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It’s come out of the experience I’ve had over the past few days whilst I have been in Ukraine learning to facilitate the British Council’s Active Citizens programme and from conversations with Mark, and with the other people I have met in recent months through Cardiff Coalition.

Here’s the idea….

What if you had enough money to live comfortably, what would you do? How would your projects and endeavours be different?

What if we got together to explore our answers to these questions (call it our vision perhaps), and worked out what our first tentative steps towards this might be…Could this be a way to work out how to be sustainable?

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To explore how we might create a sustainable future for arts and culture in the city, my feeling is that we should be asking ourselves how we can do things differently.

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We need to be asking how everyone can be involved in this innovation, addressing issues of access and inclusion. We must remember who all our online organising excludes. We need to be finding ways to communicate beyond our echo chambers. We need to listen.

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We need embodied thinking, we need to grow the possibilities in our bellies. We need to learn to be flexible through movement.

We need to reawaken the creative spark inside all of us, because to be ready to build a sustainable future, we need to be well, we need to take care of ourselves and others, we’re aware of the link between creativity and wellbeing, let’s harness that.

To be well we need to be connected. To be connected we can harness the power of the internet, which is an effective tool for bringing us together.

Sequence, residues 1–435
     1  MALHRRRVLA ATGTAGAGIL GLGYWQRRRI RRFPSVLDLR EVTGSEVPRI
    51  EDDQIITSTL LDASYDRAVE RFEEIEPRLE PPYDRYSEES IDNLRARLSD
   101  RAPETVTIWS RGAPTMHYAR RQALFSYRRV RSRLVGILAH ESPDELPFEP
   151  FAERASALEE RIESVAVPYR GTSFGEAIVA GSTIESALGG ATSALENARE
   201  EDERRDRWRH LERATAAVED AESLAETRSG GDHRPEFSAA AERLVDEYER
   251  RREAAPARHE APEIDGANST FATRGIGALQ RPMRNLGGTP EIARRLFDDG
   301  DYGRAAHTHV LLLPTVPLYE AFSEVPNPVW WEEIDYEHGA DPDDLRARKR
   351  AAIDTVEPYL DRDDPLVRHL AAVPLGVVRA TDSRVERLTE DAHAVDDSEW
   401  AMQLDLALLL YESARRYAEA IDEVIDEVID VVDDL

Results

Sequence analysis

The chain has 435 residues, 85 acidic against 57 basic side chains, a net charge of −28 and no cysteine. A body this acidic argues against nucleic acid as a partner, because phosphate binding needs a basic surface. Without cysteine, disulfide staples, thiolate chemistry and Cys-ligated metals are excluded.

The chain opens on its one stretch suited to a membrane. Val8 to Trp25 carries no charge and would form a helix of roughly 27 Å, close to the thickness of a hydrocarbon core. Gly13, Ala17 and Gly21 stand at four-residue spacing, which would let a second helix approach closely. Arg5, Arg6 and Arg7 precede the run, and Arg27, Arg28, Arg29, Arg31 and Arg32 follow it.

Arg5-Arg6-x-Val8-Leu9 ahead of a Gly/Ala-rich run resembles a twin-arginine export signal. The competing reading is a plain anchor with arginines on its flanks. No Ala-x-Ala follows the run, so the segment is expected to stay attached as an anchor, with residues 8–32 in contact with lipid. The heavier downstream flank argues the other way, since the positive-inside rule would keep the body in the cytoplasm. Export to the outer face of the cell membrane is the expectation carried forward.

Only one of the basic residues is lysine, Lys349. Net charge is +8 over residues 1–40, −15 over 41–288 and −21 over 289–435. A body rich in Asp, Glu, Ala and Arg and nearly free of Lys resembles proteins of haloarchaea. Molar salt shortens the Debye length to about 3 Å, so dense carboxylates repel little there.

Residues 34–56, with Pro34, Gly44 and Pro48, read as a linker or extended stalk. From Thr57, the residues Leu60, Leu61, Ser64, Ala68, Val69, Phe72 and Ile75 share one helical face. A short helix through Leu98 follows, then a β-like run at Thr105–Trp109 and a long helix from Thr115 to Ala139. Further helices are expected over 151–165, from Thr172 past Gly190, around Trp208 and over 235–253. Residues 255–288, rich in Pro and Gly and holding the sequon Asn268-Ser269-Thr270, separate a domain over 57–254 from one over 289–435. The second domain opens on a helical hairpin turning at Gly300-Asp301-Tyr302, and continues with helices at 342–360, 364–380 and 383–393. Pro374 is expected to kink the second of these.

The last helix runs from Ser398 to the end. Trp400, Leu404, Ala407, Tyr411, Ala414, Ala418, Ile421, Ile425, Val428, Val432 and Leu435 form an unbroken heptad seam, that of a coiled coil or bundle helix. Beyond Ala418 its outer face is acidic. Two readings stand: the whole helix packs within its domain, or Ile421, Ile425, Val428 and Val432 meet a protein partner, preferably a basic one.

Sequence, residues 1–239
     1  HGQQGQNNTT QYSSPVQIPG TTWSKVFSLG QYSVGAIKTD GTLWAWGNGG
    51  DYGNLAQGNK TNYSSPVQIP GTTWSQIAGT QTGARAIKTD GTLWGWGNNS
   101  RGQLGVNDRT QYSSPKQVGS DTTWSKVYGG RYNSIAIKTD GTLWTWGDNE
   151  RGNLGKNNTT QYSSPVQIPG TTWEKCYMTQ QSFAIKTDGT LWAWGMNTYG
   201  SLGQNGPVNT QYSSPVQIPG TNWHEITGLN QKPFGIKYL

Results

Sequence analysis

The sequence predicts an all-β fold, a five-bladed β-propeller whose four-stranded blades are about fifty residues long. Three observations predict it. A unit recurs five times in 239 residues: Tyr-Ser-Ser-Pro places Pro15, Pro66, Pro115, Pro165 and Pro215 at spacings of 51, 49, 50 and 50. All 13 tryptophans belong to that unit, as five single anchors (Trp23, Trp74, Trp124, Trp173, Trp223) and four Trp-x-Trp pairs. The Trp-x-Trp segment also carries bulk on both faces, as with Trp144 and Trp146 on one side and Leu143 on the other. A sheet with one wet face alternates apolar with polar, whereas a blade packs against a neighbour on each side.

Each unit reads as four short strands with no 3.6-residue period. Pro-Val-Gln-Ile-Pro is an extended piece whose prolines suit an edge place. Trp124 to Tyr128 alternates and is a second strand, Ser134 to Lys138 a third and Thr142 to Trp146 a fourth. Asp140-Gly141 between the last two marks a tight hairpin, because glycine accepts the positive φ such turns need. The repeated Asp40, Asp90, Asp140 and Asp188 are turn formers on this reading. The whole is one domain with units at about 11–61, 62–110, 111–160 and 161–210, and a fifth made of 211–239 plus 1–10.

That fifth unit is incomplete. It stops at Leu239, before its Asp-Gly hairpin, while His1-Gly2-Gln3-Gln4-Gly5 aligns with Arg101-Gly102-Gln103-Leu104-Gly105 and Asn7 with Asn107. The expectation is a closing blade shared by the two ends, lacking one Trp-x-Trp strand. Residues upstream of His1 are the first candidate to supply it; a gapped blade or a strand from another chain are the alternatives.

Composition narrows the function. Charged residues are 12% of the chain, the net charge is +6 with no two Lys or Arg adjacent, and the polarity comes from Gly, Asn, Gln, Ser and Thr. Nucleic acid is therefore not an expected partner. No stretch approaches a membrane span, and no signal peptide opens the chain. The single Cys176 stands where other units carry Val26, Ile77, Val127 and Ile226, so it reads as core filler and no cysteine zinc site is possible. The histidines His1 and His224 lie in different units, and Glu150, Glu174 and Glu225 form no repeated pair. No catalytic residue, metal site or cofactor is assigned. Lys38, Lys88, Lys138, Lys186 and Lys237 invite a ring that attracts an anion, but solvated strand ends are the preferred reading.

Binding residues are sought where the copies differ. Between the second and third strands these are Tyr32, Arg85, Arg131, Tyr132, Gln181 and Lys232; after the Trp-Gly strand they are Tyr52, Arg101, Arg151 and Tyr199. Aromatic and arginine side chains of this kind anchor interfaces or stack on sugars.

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We need to get to know each other. To get to know each other we need activities to do together to build community, to grow and solidify that which bonds us, our social capital.

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Here’s the caveat – our current model of leadership is not fit for purpose, one person with a vision charging ahead into the future hasn’t served us so well.

We are living with complexity, uncertainty and unpredictability, we need to reassess what it means to be a leader and we need to find ways to work in a world that’s constantly changing.

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I’d like to share a story that I learnt from Daniel Smith of the London based The Change Collective and designer of the Active Citizens programme.

It’s about how we negotiate our way through the challenges we face, how we look for leverage points and how we learn to be emergent leaders. It’s about learning to be flexible and learning to be present with what is, it’s about awareness.

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Imagine a river. Your challenge is to use a boat travel as a group from the mountains, down to the sea. Now, you could all get in the boat and get in the middle of the river and paddle with all your energy, ploughing a straight course through.

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You’re going to run out of steam pretty quickly. You’re not going to be taking account of the conditions, the weather, the ecosystem, the needs of the people in the boat. It’s going to be hard, there will be conflict and you’ll likely capsize.

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You notice that on some days the water runs smooth. When you drop a branch in you see the currents. You feel the wind, and acknowledge the trees, mountains and wildlife. You work together and you feel solidarity. After plenty of time watching, observing and learning, you all tentatively get in your boat.

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You feel the weight of your bodies and feel the movement of the water. You let the current take you. The wind picks up and moves you to the edge, so you use a little energy to correct your path. As you move along the river the conditions change, you paddle fast, you paddle slow. You rest. You use oars to push away from the banks and you hold tight and support each other in the rapids. You listen to each other’s ideas, all voices are valued, no one voice is louder.

The journey is different because you have spent time being aware of what is happening, making small interventions when necessary, trying lots of things to see how they work and you have done it together.